Here’s a link to dailyfinance.com and a piece about Twitter’s new ad plan, which you can only be ignorant of if you have spent the last day with your head in a bucket of ostrich poo. The journalist calculates that Twitter needs to make between $146 and $241 million in order to justify the current (and apparently sane) valuation of its service of $1.4bn.
(I cannot help but remember Mark Ritson in Marketing magazine saying – and I’m paraphrasing – ‘Twitter worth $1bn? Bollocks to Twitter!’)
Tha means a revenue of $1.95 to $3.21 per user per year. Which apparently is nothing compared to Facebook’s per user revenue of between $3 and $5. Which brings in more than $1bn a year, for the hard of thinking. (I cannot help but suspecting, mind, that this is nonsense of the horrible horseshit variety, but – hey – that’s just me).
Anyway, suffice it to say that there is an opposing school of thought which says that the Twitterads simply won’t work – no matter what anyone says, it’s not like Google (a search engine) and the ads are limited to 140 characters (difficult to communicate at the best of times). On top of that, these ads rely upon people re-Tweeting them and passing them on – a concept which I, personally, find difficult to understand.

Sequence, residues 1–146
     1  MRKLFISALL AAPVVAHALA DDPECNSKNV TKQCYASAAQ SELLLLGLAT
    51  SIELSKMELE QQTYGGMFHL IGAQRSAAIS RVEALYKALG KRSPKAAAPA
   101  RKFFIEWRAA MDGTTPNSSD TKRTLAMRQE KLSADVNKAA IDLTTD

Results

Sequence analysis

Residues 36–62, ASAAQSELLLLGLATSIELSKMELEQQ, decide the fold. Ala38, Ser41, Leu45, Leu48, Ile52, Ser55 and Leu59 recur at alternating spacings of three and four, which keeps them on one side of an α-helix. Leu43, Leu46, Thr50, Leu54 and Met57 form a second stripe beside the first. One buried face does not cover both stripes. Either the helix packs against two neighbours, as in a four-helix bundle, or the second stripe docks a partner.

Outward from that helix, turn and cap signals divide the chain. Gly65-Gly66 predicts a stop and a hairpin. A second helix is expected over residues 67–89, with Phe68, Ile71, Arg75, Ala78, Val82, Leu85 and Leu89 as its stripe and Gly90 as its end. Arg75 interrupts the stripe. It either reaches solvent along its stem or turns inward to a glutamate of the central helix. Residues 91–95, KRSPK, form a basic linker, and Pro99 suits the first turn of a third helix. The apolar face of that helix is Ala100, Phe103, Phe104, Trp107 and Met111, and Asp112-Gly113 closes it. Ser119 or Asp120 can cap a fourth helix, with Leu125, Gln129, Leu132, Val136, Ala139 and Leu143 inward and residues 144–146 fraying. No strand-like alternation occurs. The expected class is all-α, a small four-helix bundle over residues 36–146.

The opposing school of thought also points out that Twitter’s infrastructure costs $25m each year to run. Currently it makes no money at all. It simply HAS to find a way of monetising itself – and no, Biz Stone, there’s no time left to do this in a gentle and questioning fashion. It’s acts together time boys, or you’ll go the way of MySpace, Bebo and Friends Reunited.
In fact, now I think about it – and as predicted on this blog last year – there’re only two social media sites left (when I say left, I mean with any sparkle in them). It’s Facebook and Twitter. (LinkedIn is a business medium – and even that, if you listen to the rumours, is on its way out.)
Two big social media brands, one of which will inevitably be eaten by the other in their rush to ‘monetise’ and justify their valuations.